I find it quite compelling that Paul is tying together our desire for more than the basics to a desire to get rich. Obviously, as fathers, we need to provide our families with food, clothing, and a place to live. This is understood. We live in very different times than Paul. We will have electric bills, gas bills, garbage bills, and water bills. Modern life in cities requires these basics to live and function. We will need some types of insurance. We will need to provide some means of transportation. But what kind of vehicle we choose says a lot about our values and perspectives regarding the Bible’s teaching calling us to a modest way of life. Are we people who live for eternity, or for the here and now? Obviously, in Paul’s day, there was no way to fix cavities in teeth. You eventually just pulled them. Today however, we can often save the tooth. That’s a wonderful thing. But does that mean that I should give every child of mine a perfect smile, to a slightly crooked tooth, just to prove I am a good provider? Every dentist I know will try to sell you on your child having a perfect smile and the confidence it will bring to their life. And isn’t a perfect smile a must-have in this social media driven, selfie picture day and age? How dare you not provide it for them! Certainly, for some children, there are medical reasons braces are a must, and I affirm that. It’s wonderful to have that option available. Each of you as parents will have decisions to make in these areas and they are between you and God. I am not sitting in judgment. I only desire to provoke your thinking, to get you to think carefully about these questions in a much deeper way.
In 2000 I was going to purchase the first home we’ve ever owned. I met with a trusted Christian mortgage professional, to get his help. He ran my credit score, then told me “Mark, in my 25-year career I have only seen a handful of people with a credit score this high. You can qualify for a $300,000 loan.” I looked at him and said, “Jack, why would I want a $300,000 home?” He looked at me strangely, as if to say, “Are you kidding? Of course, you need a home like that! You’re an American. It’s an investment!” I said, “What happens if the market drops and home prices plummet?” Which it did in 2008!! I told him, “Why would I want to have a high monthly payment like that and shackle myself and our finances? I want to intentionally live below our stream of income.”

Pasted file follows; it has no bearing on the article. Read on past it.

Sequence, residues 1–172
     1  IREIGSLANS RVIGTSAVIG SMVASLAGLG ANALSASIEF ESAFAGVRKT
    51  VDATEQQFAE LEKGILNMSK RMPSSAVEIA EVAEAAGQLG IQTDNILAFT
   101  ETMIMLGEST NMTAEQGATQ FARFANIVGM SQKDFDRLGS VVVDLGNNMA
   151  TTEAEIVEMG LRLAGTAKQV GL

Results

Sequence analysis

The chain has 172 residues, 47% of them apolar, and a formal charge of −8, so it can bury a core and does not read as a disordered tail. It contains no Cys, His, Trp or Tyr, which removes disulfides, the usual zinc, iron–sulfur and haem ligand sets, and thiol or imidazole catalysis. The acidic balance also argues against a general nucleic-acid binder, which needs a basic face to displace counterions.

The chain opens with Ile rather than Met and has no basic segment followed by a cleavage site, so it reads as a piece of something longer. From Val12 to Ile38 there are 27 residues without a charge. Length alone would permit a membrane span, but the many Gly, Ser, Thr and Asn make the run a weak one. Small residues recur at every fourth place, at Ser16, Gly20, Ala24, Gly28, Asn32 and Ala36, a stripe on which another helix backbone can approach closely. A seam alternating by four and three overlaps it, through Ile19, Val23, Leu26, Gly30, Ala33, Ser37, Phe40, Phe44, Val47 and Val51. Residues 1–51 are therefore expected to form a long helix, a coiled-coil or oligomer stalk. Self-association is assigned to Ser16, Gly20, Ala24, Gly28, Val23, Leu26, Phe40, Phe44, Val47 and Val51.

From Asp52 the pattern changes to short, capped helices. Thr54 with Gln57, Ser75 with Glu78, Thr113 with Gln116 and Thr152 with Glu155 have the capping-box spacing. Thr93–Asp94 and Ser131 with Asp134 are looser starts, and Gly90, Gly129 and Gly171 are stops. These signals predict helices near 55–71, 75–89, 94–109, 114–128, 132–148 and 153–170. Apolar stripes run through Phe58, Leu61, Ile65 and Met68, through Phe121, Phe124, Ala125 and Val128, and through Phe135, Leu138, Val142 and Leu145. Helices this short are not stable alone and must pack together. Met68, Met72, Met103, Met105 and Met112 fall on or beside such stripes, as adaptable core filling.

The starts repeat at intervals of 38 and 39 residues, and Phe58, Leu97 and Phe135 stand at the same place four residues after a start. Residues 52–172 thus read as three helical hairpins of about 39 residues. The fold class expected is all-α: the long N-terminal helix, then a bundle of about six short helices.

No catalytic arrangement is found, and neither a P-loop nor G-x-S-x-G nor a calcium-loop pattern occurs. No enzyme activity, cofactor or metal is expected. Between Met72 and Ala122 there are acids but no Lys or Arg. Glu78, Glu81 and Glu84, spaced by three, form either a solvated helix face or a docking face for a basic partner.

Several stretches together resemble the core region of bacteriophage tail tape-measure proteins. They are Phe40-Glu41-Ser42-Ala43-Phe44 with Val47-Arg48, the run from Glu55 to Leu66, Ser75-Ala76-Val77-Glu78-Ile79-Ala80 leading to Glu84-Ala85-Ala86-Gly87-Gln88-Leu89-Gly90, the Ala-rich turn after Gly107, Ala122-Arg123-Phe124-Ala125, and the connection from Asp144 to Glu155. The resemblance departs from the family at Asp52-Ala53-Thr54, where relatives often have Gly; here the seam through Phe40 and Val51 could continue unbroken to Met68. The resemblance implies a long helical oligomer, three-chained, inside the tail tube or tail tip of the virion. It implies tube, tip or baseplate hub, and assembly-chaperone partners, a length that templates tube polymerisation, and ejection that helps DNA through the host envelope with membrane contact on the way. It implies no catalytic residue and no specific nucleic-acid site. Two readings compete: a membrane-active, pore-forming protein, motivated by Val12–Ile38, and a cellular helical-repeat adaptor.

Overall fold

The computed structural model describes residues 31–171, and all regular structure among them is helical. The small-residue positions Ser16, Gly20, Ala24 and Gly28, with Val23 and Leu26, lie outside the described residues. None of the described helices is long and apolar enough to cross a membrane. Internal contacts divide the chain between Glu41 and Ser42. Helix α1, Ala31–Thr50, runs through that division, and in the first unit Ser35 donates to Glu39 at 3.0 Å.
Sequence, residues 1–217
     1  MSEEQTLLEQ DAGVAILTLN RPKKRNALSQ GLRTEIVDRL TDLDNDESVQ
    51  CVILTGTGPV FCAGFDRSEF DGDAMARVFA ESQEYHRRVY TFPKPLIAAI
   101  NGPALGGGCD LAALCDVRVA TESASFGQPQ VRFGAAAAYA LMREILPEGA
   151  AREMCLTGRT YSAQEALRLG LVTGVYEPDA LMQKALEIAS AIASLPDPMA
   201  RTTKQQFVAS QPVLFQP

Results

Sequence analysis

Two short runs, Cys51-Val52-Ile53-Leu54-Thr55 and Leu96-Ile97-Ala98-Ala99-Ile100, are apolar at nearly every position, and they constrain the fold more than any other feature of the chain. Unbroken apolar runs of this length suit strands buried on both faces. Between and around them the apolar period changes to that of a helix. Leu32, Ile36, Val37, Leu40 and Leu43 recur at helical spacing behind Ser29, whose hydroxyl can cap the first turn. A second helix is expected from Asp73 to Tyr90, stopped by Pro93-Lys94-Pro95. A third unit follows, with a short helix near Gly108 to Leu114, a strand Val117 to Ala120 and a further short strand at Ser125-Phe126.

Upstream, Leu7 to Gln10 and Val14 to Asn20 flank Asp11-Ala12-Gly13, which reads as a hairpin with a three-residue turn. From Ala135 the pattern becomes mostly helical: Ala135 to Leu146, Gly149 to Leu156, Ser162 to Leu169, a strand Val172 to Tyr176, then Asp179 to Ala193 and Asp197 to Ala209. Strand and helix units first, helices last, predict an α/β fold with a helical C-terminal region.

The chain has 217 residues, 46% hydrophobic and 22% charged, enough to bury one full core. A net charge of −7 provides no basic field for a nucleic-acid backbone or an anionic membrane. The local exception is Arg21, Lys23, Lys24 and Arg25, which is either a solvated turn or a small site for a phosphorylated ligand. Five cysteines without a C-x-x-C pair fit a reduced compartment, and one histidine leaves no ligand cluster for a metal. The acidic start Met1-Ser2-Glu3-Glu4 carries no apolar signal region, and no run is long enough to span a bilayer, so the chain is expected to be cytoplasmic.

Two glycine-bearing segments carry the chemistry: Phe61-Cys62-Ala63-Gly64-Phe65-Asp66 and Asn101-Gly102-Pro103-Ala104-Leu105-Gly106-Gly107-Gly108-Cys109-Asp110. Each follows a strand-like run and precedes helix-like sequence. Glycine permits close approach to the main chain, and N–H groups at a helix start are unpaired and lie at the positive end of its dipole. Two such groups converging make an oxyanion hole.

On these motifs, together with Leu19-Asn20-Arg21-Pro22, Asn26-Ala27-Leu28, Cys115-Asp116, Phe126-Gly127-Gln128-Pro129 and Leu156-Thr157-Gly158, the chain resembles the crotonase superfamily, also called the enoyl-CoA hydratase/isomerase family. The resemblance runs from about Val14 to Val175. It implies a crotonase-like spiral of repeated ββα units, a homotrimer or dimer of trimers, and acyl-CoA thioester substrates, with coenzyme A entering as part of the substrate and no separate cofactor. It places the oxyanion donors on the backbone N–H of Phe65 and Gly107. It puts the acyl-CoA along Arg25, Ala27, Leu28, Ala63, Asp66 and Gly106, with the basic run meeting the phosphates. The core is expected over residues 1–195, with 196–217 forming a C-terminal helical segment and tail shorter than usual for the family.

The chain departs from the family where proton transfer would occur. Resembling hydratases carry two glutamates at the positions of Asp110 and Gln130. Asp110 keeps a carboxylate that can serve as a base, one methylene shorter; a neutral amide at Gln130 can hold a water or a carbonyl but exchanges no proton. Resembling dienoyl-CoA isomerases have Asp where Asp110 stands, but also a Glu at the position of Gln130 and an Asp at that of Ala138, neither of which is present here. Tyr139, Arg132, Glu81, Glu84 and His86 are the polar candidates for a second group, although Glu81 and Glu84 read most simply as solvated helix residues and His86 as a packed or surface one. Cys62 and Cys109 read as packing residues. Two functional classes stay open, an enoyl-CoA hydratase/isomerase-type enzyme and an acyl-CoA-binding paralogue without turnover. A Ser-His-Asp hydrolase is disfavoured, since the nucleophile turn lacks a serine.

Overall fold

You see, I knew the $134,000, 1500 square foot duplex I wanted to buy would serve our family of 6 just fine. It would meet our needs. It would be the nicest home we had ever lived in. I had perspective, I understood Biblical principles, and what it means to provide. Again, this is an illustration of what is possible. You must decide before the Lord how he is leading you, and why he is leading you that way.
I’m sharing all of this with you as simple illustrations of how we can provide for our families, yet do so without being caught up in the materialistic consumerism of our age. My intention is not to make you feel bad or to say you must do exactly what I did. I realize home prices have gone way up since I purchased mine. I am simply trying to provoke your thinking, to unshackle you from the expectations the world tries to place on you, or the self-imposed pressure you may be feeling, that if you don’t achieve a certain standard of living, you have failed as a provider.
While we all must learn to save for the future, and for future needs as Proverbs advises, not all will have access to a 401k plan. In addition, many of you have a calling from God in your life, as I did, to some kind of Christian service. This will very likely require you to live on less than other men in the secular workforce. Even those in the secular work field, have different skills and abilities given to them by God. Some will make more money than others. But all of us no matter who we are must learn to live Biblically, to impose upon ourselves an eternal and modest way of life, that becomes the name of Christ.
To those who by this world’s standards are rich, the Bible has great advice for you also! Do not put your hope in riches, put your hope in God and be rich in good deeds, generous of heart, willing to share, laying up riches in heaven! So many of you are doing these very things with the wealth God has given you and it is very commendable. I praise God that you are using your financial blessings to honor God through your good deeds and tremendous generosity.
Very few men today have the courage to live their convictions, without the fear of what others think of them. Do not be afraid to live what God has called you to my friends.
I hope this message encourages your heart and soul. May God give you the wisdom and courage to live out these truths and principles as you work so diligently to provide for your families.
Helping you become a Strong Disciple,
Because of Jesus,
Pastor Mark Darling